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If you're breastfeeding and concerned about blocked milk ducts, try not to worry. This guide is here to help you understand what causes clogged milk ducts and to let you know what you can do about them.
Narrow tubes called mammary ducts carry breast milk from the segmented glands (lobules) in the breasts to the nipple. If one of the glands isn't drained properly as a baby breastfeeds, the breast milk can't flow through easily, and the ducts can become blocked.
Your breast milk ducts may become blocked if your:
The truth is, clogged milk ducts can be painful and uncomfortable, and if they're not dealt with promptly, they can lead to a complication called mastitis. This is localized swelling and inflammation of the breast.
There are a few techniques you can try to unclog milk ducts and relieve the pain they cause. These include:
You can tell that a blocked milk duct is cleared if you can no longer feel a lump. You may also see extra thick breast milk come out while you're pumping or hand-expressing.
The blockage in your milk duct should clear after a day or two of treatment. However, if you notice that your symptoms are getting worse and the clog isn't clearing, there may be a risk of developing mastitis.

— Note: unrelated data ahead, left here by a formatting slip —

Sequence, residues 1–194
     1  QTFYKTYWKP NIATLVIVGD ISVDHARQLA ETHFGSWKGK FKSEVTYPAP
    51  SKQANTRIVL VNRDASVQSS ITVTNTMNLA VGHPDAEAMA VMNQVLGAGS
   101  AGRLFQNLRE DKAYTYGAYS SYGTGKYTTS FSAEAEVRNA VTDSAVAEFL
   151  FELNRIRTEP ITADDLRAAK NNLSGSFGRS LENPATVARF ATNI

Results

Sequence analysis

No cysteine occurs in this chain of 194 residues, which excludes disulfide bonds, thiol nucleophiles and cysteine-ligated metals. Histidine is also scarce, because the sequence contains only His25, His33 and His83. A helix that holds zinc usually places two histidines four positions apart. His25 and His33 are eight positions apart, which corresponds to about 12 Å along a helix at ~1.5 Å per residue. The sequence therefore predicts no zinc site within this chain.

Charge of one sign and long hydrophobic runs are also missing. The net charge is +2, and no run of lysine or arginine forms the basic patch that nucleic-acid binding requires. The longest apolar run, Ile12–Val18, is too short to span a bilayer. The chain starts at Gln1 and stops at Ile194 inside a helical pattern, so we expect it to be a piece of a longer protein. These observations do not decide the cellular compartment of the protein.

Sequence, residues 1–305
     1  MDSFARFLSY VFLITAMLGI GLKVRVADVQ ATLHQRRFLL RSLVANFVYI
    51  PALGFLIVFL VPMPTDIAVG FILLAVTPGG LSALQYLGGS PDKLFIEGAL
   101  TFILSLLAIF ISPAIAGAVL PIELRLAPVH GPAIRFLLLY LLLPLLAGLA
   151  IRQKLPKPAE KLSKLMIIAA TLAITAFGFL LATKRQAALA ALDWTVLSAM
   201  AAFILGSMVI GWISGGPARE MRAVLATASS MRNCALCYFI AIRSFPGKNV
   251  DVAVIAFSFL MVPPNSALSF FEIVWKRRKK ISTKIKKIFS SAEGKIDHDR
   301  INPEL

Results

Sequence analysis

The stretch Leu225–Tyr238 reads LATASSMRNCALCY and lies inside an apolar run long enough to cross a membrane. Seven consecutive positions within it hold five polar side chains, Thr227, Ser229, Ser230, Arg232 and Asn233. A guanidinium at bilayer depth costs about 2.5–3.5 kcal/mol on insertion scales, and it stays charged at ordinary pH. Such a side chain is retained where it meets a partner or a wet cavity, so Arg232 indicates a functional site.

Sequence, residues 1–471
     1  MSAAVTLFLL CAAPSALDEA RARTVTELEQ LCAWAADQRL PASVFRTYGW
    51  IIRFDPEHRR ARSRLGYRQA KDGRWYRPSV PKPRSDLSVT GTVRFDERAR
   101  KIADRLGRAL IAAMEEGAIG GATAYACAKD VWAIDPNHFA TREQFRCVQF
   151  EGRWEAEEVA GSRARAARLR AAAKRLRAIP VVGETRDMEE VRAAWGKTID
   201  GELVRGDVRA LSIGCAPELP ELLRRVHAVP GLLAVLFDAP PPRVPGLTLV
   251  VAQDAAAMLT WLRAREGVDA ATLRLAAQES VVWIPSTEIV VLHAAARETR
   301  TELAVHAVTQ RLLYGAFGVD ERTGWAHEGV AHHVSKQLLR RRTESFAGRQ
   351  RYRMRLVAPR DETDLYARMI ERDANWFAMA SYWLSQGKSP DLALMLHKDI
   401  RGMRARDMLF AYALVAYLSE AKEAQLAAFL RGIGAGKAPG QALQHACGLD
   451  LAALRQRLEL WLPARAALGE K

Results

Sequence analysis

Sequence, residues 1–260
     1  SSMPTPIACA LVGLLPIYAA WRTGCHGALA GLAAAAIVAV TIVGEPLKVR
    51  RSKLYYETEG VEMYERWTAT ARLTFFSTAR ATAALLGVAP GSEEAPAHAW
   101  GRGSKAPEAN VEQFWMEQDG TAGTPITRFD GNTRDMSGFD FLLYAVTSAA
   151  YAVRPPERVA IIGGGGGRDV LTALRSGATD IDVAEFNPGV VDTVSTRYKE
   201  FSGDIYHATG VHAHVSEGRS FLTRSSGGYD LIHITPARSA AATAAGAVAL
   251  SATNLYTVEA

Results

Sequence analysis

The symptoms of mastitis are:
Don't hesitate to seek medical support if you suspect you have mastitis.
Expressing breast milk encourages it to flow, which can help to remove the blockage and relieve any discomfort. So yes, pumping more often while maintaining your usual breastfeeding schedule can help relieve clogged ducts.
Yes, ibuprofen or acetaminophen are safe to take if you're breastfeeding. It's always a good idea to check with your doctor before taking any medication while breastfeeding. It's also important to note that people who are breastfeeding shouldn't take aspirin.
If you're struggling to unclog a blocked duct, don't be tempted to try and pop it because this can lead to a higher risk of infection. If none of the recommendations we've listed above work for you, you should seek medical help from a doctor or midwife to reduce the risk of the clogged duct leading to mastitis.
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